5 Emerging Trends for iPaaS

Concept of Cloud computing network in chalk drawing on a blackboard, vector illustration

There is a curious thing that happens with enterprise software: a class of enterprise software is only considered mature when everyone is talking about it. Interestingly enough, this often happens well before everyone has implemented it. While true that when everyone is talking about a class of enterprise software there are many who have adopted it, but those organizations typically fall into the category of early adopters or those who had nowhere else to turn.

The above phenomena seems to ring true for iPaaS software. In a lot of ways, iPaaS has grown up and may even be considered a mature segment but there is a still a lot of activity around it. IPaaS has moved from a departmental niche to a more vital aspect of an organization’s integration strategy. Here are the 5 emerging trends I’ve spotted in working with TIBCO Cloud Integration (TIBCO’s iPaaS solution) over the past 10 months during this critical shift for iPaaS:

1. Point-to-point integration will kill iPaaS productivity: Many of the early adopters of iPaaS saw the technology as a solution to solve a point-to-point integration need—whether it was a cloud-to-cloud or ground-to-cloud integration. This mirrors the early days of application integration; everyone thought their integration was unique and a one-off. In reality, the problems incurred with on-premise integration is today becoming an iPaaS problem. iPaaS should be treated with the same architectural consideration leveraging reusable patterns and extensibility.

2. Connectivity is everywhere: It used to be that everything you needed to do your job was installed on your desktop or laptop. Today, this is not the case. The applications that people use to do their job exist in different places. Connecting these applications to get more out of them is a key role for an iPaaS solution. There is an increased need for flexible and dynamic connectivity

3. Reemergence of IT: iPaaS had taken an interesting path of ownership. It was used by IT early on in data synchronization projects for SaaS applications. Shortly after, it was leveraged by departmental resources and lines of business to drive integration by SaaS applications. And now, it has returned to those in IT who want to ensure that when an iPaaS solution is used a level of security is maintained, best practices are used, and there is standardization on integration patterns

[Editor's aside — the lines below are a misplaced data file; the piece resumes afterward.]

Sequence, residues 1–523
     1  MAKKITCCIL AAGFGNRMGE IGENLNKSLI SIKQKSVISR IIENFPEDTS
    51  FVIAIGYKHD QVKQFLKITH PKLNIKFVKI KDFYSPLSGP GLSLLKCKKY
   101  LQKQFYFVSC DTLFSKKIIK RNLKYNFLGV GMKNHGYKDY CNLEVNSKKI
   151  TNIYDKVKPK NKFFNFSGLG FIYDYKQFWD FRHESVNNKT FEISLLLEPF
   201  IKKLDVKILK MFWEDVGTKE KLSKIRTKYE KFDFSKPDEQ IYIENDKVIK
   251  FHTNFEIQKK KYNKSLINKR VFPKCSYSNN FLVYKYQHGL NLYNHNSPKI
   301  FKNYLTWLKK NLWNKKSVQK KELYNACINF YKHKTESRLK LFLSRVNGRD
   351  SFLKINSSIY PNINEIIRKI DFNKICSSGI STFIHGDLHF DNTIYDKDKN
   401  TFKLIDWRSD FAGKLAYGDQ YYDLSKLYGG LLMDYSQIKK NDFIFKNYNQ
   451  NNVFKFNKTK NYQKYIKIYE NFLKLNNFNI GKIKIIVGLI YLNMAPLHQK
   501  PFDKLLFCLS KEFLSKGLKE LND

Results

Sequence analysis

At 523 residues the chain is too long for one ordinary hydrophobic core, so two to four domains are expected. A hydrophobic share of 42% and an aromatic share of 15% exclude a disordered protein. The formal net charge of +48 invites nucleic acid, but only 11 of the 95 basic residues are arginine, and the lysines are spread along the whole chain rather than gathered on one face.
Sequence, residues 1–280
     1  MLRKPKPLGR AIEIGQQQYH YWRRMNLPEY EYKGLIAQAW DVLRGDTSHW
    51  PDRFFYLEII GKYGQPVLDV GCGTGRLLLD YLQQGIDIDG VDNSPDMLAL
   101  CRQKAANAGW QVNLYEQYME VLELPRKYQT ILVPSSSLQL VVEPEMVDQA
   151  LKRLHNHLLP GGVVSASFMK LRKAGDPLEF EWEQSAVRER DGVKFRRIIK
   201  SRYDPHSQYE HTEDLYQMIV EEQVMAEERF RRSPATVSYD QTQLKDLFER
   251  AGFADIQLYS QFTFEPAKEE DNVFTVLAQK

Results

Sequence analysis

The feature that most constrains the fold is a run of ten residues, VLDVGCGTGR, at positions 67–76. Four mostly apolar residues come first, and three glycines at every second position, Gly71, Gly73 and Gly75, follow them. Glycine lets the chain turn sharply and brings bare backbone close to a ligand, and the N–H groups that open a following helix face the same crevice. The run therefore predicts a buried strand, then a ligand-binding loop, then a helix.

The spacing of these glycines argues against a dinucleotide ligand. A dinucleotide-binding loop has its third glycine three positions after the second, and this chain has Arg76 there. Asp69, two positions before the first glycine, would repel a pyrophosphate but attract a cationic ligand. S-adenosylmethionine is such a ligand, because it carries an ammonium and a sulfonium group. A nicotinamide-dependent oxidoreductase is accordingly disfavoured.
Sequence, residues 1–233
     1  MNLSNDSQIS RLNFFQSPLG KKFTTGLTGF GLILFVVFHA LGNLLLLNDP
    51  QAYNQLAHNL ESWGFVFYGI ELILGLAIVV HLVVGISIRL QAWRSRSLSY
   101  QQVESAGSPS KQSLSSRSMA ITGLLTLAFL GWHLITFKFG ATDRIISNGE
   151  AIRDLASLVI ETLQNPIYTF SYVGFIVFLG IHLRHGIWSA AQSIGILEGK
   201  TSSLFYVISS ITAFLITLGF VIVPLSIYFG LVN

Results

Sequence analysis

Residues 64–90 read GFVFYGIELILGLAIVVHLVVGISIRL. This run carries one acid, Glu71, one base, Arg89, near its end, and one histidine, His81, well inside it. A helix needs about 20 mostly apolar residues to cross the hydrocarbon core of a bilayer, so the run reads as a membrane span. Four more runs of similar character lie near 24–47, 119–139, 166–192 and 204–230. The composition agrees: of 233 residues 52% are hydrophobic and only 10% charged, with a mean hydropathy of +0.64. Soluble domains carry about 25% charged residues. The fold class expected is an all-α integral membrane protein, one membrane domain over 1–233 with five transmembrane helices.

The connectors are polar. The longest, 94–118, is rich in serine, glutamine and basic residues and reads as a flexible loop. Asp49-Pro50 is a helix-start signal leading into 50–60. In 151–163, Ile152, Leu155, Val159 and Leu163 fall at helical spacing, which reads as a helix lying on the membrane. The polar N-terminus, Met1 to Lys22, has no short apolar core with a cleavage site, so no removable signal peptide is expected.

4. “Things” will be the next big integration point: The Internet of Things has changed the way people think of the scale of integration. Similar to how big data changed the way people think of datasets, IoT will fundamentally change the scope of integration. Organizations will need multiple different protocols to collect information and to figure out how manage all the connections.

5. Traditional B2B functionality will be needed in iPaaS: This trend doesn’t mean turning your iPaaS solution into a VAN (Value Added Network) but it does mean it will have to play nice with it. It also means that your iPaaS solution will likely need to take on the real-time transactions that traditional B2B gateways don’t handle very well. It’s about creating a complementary solution between a B2B gateway and your iPaaS implementation.

In many ways, early iPaaS solutions were seen as point solution to an immediate problem. Originally, it was for data migration and synchronization between on-premise and cloud solutions (e.g. SAP to Netsuite and Salesforce to SAP). The reality is that iPaaS has evolved to become a key part to a larger enterprise integration strategy. That integration strategy will need to cover integration between an of on-premise applications, SaaS applications, custom applications, microservices, mobile devices, processes and ‘things’ and iPaaS will be part of that larger hybrid integration platform. Establishing your iPaaS solution as part of the larger integration strategy now will minimize legacy iPaaS integration problems in the future.

Want to learn more about iPaaS pervasiveness, applications, challenges, and trends? Join us for our upcoming webinar on February 9: Connecting Cloud Services. This webinar will be available instantly on-demand from February 9th onward and will demonstrate powerful tools to tackle cloud integration and cloud connection. Register today!

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Originally from Canada, John Andrews is now based in Palo Alto, California. John has more than 20 years of experience in enterprise software doing things like software development (no, not on mainframes), field implementations, product management, and now, product marketing. During this time, John’s focus has been on integration and how integration helps companies because integration is everywhere. The way John keeps his sanity is riding his motorcycle, spending time in wine country, and playing and watching sports. John is also a Level 1 in the Court of Master Sommeliers which comes in handy when picking a wine off a wine list.